Tinted Window Traffic Stops: Maryland Law

Maryland Court of Appeals Case Summary: November 5, 2007

Constitutional Criminal Procedure
Case Brief: Basis for pretextual stop

BOTTOM LINE: Circuit court properly granted defendant's suppression motion where police executed a pretextual stop of defendant's vehicle due to alleged window tinting violation, but were unable to articulate reasonable suspicion for the stop.

CASE: State v. Williams, CA No. 39, September Term, 2007 (filed Oct. 19, 2007) (Judges Bell, Raker, Greene & WILNER (retired, specially assigned)) (Judges Harrell, Battaglia & Cathell (retired, specially assigned), dissenting).

FACTS: On May 8, 2006, Harford County Deputy Sheriff Wood, advised to be on the lookout for a certain vehicle believed to be transporting drugs, observed the vehicle and followed it a short distance, when he observed what appeared to be a darkly tinted rear window.

Upon concluding that the tinted window constituted an infraction, Wood stopped the vehicle, which was driven by Arvel Williams. Shortly thereafter, a K-9 unit arrived, alerted to the presence of narcotics, and cocaine and marijuana was recovered. Williams was placed under arrest.

Four days later, Williams drove the vehicle to the State Police Automotive Safety Enforcement Division, which found that the window was legal and would pass Maryland inspection laws. Following a hearing, the circuit court granted Williams' motion to suppress.

The State appealed that decision to the Court of Special Appeals, but the Court of Appeals granted certiorari prior to proceedings in the intermediate appellate court, affirming the circuit court's ruling, albeit on different grounds.

LAW: The stop at issue in the instant case is commonly referred to as a Whren stop. It was clear, and not really disputed, that Deputy Wood used what he believed to be a tinting violation as a pretext to stop the car in order to allow a backup K-9 officer time to arrive and scan the car for suspected CDS.

In Whren v. United States, 517 U.S. 806 (1996), the Supreme Court found no Constitutional impediment to such a pretextual stop, provided the officer has sufficient cause to believe that the traffic violation upon which the stop is, in fact, based has occurred.

Citing Delaware v. Prouse, 440 U.S. 648, 653-54 (1979), the Whren Court acknowledged that even the temporary detention of an individual during the stop of an automobile constitutes a "seizure" of the person for Fourth Amendment purposes and that an automobile stop is therefore subject to the requirement that it not be "unreasonable" under the circumstances.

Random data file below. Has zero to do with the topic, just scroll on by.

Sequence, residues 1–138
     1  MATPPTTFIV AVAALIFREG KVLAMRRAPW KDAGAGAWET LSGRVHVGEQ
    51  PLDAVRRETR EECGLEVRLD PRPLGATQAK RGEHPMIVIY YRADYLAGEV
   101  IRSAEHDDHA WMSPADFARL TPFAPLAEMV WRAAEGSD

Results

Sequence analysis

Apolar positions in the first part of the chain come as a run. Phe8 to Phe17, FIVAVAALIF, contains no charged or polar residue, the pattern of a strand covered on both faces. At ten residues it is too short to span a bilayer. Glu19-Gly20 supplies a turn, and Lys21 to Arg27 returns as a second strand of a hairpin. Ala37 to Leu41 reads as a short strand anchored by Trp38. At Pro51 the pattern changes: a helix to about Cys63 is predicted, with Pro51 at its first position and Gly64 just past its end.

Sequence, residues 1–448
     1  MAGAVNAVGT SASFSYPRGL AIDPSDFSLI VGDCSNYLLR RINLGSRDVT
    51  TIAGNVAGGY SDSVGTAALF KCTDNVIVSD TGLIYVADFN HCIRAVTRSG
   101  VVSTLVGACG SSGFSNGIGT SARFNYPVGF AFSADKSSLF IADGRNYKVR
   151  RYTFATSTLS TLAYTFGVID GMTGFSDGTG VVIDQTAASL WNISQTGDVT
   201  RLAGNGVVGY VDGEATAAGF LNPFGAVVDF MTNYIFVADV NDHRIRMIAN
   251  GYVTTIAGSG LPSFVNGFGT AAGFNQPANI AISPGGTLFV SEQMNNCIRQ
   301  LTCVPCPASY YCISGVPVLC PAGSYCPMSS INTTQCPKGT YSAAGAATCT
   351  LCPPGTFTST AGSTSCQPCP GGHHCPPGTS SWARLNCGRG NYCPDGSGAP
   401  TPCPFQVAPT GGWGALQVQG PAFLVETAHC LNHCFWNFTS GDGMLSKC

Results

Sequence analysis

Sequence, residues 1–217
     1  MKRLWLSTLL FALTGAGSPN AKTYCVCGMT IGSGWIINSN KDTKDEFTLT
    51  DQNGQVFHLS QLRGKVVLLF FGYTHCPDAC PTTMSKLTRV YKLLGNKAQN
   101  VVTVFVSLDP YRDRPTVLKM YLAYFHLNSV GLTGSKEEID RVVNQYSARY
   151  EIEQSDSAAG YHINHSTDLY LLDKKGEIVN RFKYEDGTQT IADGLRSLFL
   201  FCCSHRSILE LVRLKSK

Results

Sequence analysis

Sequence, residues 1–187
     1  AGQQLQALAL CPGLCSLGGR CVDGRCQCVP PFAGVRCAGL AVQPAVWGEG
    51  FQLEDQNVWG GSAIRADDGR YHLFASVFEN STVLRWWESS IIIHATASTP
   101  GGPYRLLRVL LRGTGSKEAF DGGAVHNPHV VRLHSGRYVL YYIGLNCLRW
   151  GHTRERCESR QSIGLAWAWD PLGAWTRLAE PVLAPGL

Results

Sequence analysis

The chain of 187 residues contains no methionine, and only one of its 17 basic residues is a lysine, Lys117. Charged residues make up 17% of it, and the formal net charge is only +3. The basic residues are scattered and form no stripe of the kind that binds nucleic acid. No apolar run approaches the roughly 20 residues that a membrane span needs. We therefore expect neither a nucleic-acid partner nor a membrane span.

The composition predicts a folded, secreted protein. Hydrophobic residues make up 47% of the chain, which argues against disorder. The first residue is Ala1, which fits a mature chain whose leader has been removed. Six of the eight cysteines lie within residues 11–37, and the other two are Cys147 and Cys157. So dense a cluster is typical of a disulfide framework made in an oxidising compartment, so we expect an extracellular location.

The Court also confirmed that "[a]s a general matter, the decision to stop an automobile is reasonable where the police have probable cause to believe that a traffic violation has occurred." Whren, 517 U.S. at 809-10.

When such probable cause exists, any ulterior motive of the officer is largely irrelevant: "[s]ubjective intentions play no role in ordinary, probable cause Fourth Amendment analysis." Id. at 813. See also Davenpeck v. Alford, 543 U.S. 146, 153 (2004).

In the instant case, the suppression court found that, in order for the Whren pretextual stop to be permissible, the police must have more than probable cause, that they had "to be right on or lose [the] evidence as a result." That standard was wholly inconsistent with Whren, Fourth Amendment jurisprudence, and common sense.

Although it was clear that the standard employed by the suppression court, of absolute correctness, was not a valid one, there is some imprecision as to what will justify a traffic stop. Courts, including the Supreme Court and the Court of Appeals, have mentioned both the Terry v. Ohio reasonable articulable suspicion standard and the probable cause standard in the context of traffic stops.

The prevailing view among courts that have resolved that issue, and that adopted in the instant case, is that the appropriate minimum standard is reasonable articulable suspicion.

In Prouse, the Court considered whether a police officer violates the Fourth Amendment by randomly stopping a car for the sole purpose of checking the operator's driver's license and the vehicle registration "where there is neither probable cause to believe nor reasonable suspicion that the car is being driven contrary to the laws governing the operation of motor vehicles..." Prouse, 440 U.S. at 650.

Throughout the opinion, the Prouse Court mentioned both standards, although it seemed to accept the lesser reasonable articulable suspicion standard as the applicable minimum.

The Prouse Court observed at one point that the permissibility of a law enforcement technique is judged by balancing its intrusion on Fourth Amendment rights against legitimate governmental interests and that, when so implemented, "the reasonableness standard usually requires, at a minimum, that the facts upon which an intrusion is based be capable of measurement against 'an objective standard,' whether this be probable cause or a less stringent test." Id. at 654.

The Court noted that reasonable suspicion was the test applicable to roving patrol stops by Border Patrol agents. Still later, it concluded that "[w]here there is not probable cause to believe that a driver is violating any one of the multitude of applicable traffic and equipment regulations or other articulable basis amounting to reasonable suspicion that the driver is unlicensed or his vehicle unregistered," there was no legitimate basis upon which the officer could decide whether stopping a particular driver for a spot check would be more productive than stopping any other driver. Id. at 661.

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